Last week UPS delivered boxes from Zappos.com and Land’s End. Inside: spring capris, shoes, two cardigans, a half-zip top, a fresh white shirt and an apple green knit dress for spring! Add this to my new jeans and denim shirt and I am ready to go. Spring shopping done!

I developed my efficient habit of shopping online each season after moving to an isolated small town. I do not enjoy driving 70 miles to Cheyenne, making the rounds of the mall and other stores, then driving back home. Too tiring, selections too impulsive and mis-matched. Online, I can order things that look good together and find both sandals and new work shoes. Free shipping vs half a tank of gas driving to Cheyenne and back.

What  excites me the most is the new shoes: a pair of sandals and navy-striped boat shoes.



New shoes always excite me but these shoes have extra appeal! . NO socks. I do not like socks. At all. At night I prefer to sleep without socks but the winter chill forces me to cover up my feet . I love nothing better than arriving home and stripping off shoes and socks. The ultimate treat is a pedicure (first appointment of the year April 10) and summer shoes.  Sock-free at least.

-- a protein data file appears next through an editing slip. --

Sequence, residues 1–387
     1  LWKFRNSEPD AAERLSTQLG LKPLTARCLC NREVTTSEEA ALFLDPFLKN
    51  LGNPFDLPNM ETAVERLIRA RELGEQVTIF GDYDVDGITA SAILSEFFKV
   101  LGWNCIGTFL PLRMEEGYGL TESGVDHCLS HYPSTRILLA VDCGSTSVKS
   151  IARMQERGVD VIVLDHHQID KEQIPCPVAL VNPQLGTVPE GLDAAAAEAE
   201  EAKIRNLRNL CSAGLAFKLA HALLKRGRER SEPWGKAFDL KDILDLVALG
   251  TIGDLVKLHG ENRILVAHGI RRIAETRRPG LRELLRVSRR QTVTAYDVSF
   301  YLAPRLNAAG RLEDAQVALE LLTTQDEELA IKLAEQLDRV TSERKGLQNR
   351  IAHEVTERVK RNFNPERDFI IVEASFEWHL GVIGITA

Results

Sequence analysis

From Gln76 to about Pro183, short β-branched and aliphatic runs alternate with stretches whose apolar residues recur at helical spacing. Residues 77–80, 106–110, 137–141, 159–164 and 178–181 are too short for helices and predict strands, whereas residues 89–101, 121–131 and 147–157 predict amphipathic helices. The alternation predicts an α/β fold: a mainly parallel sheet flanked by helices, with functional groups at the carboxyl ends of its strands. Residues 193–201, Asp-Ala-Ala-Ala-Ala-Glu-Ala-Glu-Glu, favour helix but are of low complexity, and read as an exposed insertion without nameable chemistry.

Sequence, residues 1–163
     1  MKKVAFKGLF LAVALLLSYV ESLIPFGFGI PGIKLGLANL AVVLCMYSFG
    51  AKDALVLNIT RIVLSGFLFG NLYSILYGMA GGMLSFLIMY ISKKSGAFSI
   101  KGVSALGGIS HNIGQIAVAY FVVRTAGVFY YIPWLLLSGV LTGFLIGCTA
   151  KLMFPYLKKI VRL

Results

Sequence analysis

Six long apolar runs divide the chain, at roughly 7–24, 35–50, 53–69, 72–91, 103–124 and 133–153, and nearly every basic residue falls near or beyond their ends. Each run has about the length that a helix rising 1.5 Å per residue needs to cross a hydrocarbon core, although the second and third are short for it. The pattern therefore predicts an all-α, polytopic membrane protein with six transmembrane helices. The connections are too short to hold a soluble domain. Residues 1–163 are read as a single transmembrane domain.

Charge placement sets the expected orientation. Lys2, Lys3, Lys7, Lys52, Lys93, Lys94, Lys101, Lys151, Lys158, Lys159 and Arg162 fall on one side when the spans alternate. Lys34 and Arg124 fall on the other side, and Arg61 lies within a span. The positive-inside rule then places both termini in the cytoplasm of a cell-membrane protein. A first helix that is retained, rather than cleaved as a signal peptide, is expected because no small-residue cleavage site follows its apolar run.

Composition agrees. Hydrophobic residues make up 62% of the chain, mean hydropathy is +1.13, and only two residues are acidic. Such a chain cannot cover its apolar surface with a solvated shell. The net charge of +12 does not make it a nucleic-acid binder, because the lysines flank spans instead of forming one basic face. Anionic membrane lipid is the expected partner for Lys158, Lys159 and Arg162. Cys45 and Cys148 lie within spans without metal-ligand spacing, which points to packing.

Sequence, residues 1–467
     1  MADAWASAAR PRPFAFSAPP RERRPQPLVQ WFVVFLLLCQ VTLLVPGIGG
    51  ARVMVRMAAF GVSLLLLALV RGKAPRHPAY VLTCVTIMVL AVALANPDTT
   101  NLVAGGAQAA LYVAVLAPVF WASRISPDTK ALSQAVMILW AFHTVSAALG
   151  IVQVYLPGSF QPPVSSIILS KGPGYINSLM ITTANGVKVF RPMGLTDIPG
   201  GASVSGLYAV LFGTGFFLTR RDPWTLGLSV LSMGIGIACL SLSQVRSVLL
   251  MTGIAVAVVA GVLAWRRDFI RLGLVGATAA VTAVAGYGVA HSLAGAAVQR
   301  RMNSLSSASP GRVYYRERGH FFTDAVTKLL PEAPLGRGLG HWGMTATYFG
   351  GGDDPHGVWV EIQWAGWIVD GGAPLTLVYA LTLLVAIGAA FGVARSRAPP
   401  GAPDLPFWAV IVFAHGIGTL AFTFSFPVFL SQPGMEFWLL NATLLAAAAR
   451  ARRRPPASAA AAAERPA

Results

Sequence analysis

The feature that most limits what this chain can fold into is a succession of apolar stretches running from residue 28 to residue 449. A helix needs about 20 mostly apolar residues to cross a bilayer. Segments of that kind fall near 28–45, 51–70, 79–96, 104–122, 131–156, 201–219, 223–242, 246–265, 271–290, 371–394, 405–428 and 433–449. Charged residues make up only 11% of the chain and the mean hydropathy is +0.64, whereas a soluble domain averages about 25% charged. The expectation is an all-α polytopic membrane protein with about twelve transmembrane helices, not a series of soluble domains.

I dislike socks for several reasons. I don’t like my feet covered and socks get icky, like an old rag. They get pills and holes. Some cling hopelessly to dog hair, no matter how many times I wash them. And my white socks I wear while walking get dirty fast. Even bleach fails after a while, and that grey/white sock look-yuck.

As we all know, socks get lost. Who doesn’t have a drawer filled with mismatched socks? By the end of each year I have a bagful that I toss. Sometimes I keep my expensive wool socks thinking I might craft something of them, but that never happens. Two years later, I toss those holey stinkers for good.

I realllllllly dislike holiday socks. I don’t mean to offend those who collect Santa, Valentine, Halloween and St. Patricks’ Day socks. One could have far worse habits, but I find them excessive. I think about the kids in the world who have NO socks while we humor ourselves with gaudy holiday socks. What does it mean that we draw so much meaning from owning and wearing holiday socks? Seriously. Give the holiday sock money to a charity or donate a package of socks to a thrift shop. a

Gary Larson, creator of the Far Side was making fun of phobias when he created the following: 

  • Luposlipaphobia – fear of being pursued by timber wolves around a kitchen table while wearing socks on a newly waxed floor

However, that is the only  reference I found for dislike of socks. I found just about every other kind of phobia, including the following:

But, what if the dislike of socks WAS on the official list of phobias? What would the treatment be?  Handling socks carefully three times a day? Sleeping with clean fresh socks under your pillow? Or maybe there is a drug in the works?

I should not be so hard on socks and holiday sock lovers. Even socks have ancestors and a  long esteemed history. I found this interesting tidbit at blacksocks.com: Tracing the History of Socks. Who knew?